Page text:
From Aurangabad and the cave temples of Ellora we start to arc north on our big loop through central India. The next destination is another great cave temple site, Ajanta, older and if possible even more impressive than Ellora. After that we continue on to an extremely old Buddhist pilgrimage site, Sanchi, via the infamous industrial city of Bhopal, and then, somehow or other, back to Delhi. This is the “hard travel” part of our trip. We have to find local buses, trains, or other transport as we go. There are no schedules, and no reservations.
The first leg, from Aurangabad to Ajanta, is an easy one. Although there is no English – numerically or alphabetically – at the bus stand, lots of people direct us to our bus, which is just pulling out, and magically still has seats. It drops us directly in front of the only reasonable accommodation in the village of Fardarpur, and just like that we have arrived and are settled in.
We are definitely objects of curiosity when we take a stroll through tiny Fardarpur, but the attention is unanimously friendly, and even heart-warming, as when a bullock cart of villagers lumbers past and everybody in the back – mostly women and girls – waves and flashes brilliant smiles, and keeps waving as they trundle up the road. It has been eight years since we were last here, and I remember buying a cold beer at a small shop just north of the town, but now I can’t find the place. We ask a small knot of young men, and they say it is 2 km further. There is an auto-rickshaw beside them, and I say I’ll take that, but everybody, including the driver, agrees that he will charge too much. One guy flags down a 100cc motorbike, tells him what we want, and Katheryn and I squeeze on board. Our driver’s name is Ali. He is about to move to Ireland to be with a girl he met, and has no idea what to expect. We complete our errand, and Ali refuses any payment, even a contribution to his gas money.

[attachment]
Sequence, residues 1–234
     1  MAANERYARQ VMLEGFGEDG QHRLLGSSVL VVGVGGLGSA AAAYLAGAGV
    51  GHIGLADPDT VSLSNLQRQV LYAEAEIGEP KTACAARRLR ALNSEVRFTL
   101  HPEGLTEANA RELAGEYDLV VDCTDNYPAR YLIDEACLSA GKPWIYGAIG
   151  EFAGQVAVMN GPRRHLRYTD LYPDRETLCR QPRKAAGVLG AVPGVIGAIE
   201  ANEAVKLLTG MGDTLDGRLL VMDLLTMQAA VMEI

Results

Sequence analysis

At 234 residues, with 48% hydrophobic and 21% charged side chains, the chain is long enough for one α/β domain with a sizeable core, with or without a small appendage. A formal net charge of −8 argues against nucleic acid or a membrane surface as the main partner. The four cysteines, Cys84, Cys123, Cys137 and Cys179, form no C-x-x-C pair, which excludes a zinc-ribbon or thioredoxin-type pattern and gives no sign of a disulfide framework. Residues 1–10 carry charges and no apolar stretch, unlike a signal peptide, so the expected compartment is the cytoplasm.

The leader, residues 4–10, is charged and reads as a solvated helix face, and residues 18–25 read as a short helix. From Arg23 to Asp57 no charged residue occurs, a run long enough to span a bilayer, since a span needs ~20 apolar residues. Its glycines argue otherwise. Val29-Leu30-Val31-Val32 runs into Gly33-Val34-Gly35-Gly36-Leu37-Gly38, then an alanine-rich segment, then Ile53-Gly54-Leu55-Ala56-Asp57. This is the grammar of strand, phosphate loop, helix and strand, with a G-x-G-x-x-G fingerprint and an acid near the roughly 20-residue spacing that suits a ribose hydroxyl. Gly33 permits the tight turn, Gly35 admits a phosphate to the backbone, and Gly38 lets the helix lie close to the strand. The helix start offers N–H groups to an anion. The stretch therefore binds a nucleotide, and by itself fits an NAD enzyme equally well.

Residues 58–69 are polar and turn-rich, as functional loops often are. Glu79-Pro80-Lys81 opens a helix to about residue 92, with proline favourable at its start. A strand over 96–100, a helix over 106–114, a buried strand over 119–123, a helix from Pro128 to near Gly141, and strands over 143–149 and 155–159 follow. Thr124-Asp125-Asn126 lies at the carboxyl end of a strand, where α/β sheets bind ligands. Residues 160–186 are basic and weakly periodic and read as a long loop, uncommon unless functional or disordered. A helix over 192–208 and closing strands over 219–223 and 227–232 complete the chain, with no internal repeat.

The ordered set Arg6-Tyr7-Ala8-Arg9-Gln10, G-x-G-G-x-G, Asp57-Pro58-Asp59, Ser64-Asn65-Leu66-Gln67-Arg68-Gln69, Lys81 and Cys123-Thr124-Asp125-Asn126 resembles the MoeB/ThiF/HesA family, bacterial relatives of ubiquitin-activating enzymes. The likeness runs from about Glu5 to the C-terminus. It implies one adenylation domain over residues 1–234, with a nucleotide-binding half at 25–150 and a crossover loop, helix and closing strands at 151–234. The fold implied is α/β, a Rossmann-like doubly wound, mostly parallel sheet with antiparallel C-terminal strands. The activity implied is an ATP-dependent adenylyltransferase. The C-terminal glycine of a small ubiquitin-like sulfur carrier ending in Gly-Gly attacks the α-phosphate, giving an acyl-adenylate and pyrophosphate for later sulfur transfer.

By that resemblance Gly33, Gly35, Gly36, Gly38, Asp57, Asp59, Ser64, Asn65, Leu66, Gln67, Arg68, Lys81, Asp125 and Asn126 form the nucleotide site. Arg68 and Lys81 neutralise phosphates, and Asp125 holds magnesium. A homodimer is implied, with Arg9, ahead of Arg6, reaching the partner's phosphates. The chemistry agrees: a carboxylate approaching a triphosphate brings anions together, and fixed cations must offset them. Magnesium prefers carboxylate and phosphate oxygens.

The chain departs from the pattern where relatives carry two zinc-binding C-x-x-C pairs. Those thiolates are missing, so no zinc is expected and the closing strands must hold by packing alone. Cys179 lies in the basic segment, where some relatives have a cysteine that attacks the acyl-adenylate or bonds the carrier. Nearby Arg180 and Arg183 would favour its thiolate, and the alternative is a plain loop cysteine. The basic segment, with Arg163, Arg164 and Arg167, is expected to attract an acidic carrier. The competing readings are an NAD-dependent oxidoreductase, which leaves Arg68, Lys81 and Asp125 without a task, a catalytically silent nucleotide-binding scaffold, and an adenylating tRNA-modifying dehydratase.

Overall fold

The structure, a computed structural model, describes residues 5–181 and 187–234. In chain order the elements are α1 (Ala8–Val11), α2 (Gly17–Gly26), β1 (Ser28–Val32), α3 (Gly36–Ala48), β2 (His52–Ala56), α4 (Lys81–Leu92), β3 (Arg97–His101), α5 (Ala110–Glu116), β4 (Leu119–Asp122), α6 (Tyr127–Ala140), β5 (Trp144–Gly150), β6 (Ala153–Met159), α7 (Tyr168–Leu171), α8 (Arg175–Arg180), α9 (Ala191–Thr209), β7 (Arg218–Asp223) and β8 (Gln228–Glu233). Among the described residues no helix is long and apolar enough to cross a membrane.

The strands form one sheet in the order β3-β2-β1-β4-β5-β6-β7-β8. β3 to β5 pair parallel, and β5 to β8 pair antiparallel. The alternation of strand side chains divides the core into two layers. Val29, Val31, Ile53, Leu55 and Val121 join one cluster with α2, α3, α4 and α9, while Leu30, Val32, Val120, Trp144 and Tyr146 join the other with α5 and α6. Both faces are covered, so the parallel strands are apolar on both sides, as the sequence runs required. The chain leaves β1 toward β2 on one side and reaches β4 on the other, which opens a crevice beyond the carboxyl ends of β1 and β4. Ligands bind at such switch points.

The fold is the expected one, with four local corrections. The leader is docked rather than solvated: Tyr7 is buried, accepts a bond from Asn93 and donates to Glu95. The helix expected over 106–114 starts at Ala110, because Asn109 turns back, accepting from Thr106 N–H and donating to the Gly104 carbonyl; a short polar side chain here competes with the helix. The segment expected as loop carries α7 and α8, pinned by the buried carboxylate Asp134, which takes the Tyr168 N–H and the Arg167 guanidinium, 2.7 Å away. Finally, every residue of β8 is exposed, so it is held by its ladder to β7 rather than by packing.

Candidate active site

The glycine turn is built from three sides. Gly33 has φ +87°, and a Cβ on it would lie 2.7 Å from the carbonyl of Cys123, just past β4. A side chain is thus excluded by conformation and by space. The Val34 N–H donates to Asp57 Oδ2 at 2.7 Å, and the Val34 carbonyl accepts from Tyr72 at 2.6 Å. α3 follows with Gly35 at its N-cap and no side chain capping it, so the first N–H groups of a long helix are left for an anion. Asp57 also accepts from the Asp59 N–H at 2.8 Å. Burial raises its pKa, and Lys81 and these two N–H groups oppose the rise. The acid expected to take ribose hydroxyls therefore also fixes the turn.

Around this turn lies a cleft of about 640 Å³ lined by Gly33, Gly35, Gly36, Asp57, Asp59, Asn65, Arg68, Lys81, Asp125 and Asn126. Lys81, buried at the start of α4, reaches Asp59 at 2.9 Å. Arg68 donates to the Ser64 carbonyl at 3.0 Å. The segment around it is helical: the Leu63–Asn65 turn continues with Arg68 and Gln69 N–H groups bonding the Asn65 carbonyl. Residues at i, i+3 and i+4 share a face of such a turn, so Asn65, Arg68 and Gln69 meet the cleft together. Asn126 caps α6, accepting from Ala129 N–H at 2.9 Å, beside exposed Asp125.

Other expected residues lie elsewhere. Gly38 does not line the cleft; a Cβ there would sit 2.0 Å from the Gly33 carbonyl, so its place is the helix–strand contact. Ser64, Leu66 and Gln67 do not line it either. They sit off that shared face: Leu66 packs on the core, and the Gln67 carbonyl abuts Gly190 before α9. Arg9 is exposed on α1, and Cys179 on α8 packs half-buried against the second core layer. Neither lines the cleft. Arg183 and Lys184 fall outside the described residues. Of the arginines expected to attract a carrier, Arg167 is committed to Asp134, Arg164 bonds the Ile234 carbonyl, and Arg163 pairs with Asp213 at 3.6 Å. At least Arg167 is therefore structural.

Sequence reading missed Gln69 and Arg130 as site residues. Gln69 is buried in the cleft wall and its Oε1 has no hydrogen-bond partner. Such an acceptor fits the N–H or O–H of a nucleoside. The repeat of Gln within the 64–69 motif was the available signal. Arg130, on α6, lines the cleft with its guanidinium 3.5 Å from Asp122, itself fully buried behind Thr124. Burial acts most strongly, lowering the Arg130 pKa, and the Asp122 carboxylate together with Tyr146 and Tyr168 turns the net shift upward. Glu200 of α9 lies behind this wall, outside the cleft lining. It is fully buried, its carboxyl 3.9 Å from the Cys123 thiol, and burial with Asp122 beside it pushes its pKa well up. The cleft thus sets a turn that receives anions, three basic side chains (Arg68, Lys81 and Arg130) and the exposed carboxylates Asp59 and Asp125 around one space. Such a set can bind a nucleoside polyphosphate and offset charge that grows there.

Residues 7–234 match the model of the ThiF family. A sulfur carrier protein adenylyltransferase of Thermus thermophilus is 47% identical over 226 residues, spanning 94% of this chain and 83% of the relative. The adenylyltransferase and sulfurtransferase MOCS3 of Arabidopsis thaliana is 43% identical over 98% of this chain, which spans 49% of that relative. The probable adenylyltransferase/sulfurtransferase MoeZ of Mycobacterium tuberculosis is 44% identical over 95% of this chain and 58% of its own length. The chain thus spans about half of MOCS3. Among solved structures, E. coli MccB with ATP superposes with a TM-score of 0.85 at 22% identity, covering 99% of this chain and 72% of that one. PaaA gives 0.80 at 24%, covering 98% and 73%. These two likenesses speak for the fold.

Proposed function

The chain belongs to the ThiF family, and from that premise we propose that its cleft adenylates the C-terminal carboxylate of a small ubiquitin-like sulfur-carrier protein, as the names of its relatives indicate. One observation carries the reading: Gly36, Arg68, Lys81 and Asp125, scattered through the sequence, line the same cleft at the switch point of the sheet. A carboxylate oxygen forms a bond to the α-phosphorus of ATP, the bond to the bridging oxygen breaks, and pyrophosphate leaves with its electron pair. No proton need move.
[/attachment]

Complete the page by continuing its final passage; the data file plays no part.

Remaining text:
Ajanta is a jewel. The 30 caves were carved by Buddhist monks, the interiors covered with stupendous frescoes, and the whole thing was abandoned by the end of the 5th C. The stunning paintings weren’t seen again until 1819, when a British army officer stumbled on the site, following the Waghora River hunting tigers. There is still only the same approach, up the Waghora valley, into the box canyon where the caves form a horseshoe in the cliff face. Those of you who know Ajanta know what an amazing place it is. I won’t go into the details here, but let the pictures speak for themselves. More can be seen below, or on our flickr site, of course.
The next leg of our journey, from Fardarpur to Jalgaon, although short, could be a problem because we have to flag down and board a bus in mid-route, and you can see, if you watch some of our bus videos like this one: bus through Madhya Pradesh how full the buses can be. As it turns out, the bus nearly empties out when it stops, and we actually have a selection of seats to choose from. Jalgaon itself is just a transit town on the rail line, but it has a nice hotel, the Plaza, whose charming owner greets us warmly. There is a waiting list of 29 for the train we want to catch to Bhopal the next morning. It is an early train – 6:30 a.m. – and by the time we get to the pre-dawn platform, our seats are confirmed. This is all just too easy! Where is all the hard travel I was dreading?